South Africa beat the Sri Lankan bogey

Ryan McLaren roars after dismissing Kumar Sangakkara AFP

If progress can be measured by the way the result changes when going to back to the same place, South Africa's one-day team has made some impressive advances.

South Africa's last visit to Sri Lanka 12 months ago presented them as a disjointed unit, lacking in key players, and clear game plans. Russell Domingo's coaching tenure began with a 1-4 drubbing and the side deserved every bit of flak it attracted. But over the last week, South Africa have buried those memories with two clinical and energetic team performances to earn a first-ever ODI series win in Sri Lanka. They are due some generous praise and it was good to see the captain, AB de Villiers, leading the chorus.

"We learnt from our mistakes. We came back here a more experienced team this time," de Villiers said. "When I pushed on the buttons, everyone came forward and performed for the team."

Being wiser and responding to expectations were not the only differences between the South African class of 2013 and 2014. This year's group had better personnel, improved techniques, sound strategies and a more focused mindset, all of which bode well for the future.

They have dropped the dead weight from a year ago when Colin Ingram and Alviro Petersen were part of a rotating opening pair that never quite clicked and Robin Peterson was still being used as the premier spinner.

Quinton de Kock's progress has contributed to South Africa gaining better solidity. Twelve months ago he was a talented, but clueless kid who was riding on his promise but unravelled when he couldn't meet his potential.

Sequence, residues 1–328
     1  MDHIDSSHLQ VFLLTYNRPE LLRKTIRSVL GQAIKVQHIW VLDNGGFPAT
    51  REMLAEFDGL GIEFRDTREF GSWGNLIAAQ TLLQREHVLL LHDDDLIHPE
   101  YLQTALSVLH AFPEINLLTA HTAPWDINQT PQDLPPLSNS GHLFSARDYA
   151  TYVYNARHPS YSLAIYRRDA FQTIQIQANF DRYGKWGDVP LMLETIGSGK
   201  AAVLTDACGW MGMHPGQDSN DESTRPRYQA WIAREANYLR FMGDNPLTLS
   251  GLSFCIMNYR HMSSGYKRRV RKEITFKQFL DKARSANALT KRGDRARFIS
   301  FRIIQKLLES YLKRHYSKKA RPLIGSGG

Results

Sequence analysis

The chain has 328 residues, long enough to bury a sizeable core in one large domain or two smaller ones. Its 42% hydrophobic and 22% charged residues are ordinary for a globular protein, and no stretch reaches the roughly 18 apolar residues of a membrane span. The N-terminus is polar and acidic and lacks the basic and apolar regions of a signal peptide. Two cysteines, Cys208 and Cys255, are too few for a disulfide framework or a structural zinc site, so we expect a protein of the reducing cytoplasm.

De Kock returned home and demanded seemingly never-ending net sessions with his franchise coach Geoffrey Toyana. He honed his skills against spin and also worked on his temperament and timing. The results were evident last December when de Kock joined an elite club of six batsmen to have scored centuries in three consecutive innings. But there was still a question over his ability in the subcontinent. After two quiet games, de Kock answered them with a century that showcased improved levels of concentration to match his capability. He has inked his place as Hashim Amla's partner.

While de Kock's international career is just starting, South Africa's administration appear to have ended Peterson's. His phasing out had begun during the T20 series in Sri Lanka last year, and Imran Tahir has taken over in all formats. Tahir was not part of South Africa's limited-overs squads to Sri Lanka last year which cost the visitors dearly. From his international debut at the 2011 World Cup, the legspinner announced himself as a threat, particularly in subcontinent conditions and ideally should have had more matches under his belt by now.

But Tahir is the type of bowler who does not mind being hit and South Africa have traditionally preferred a spinner who can contain. On this tour, Tahir has proved he can do both. He was South Africa's second-most successful bowler with six wickets. He accounted for Mahela Jayawardene, an excellent player of spin, in all three matches and maintained an economy of 4.44.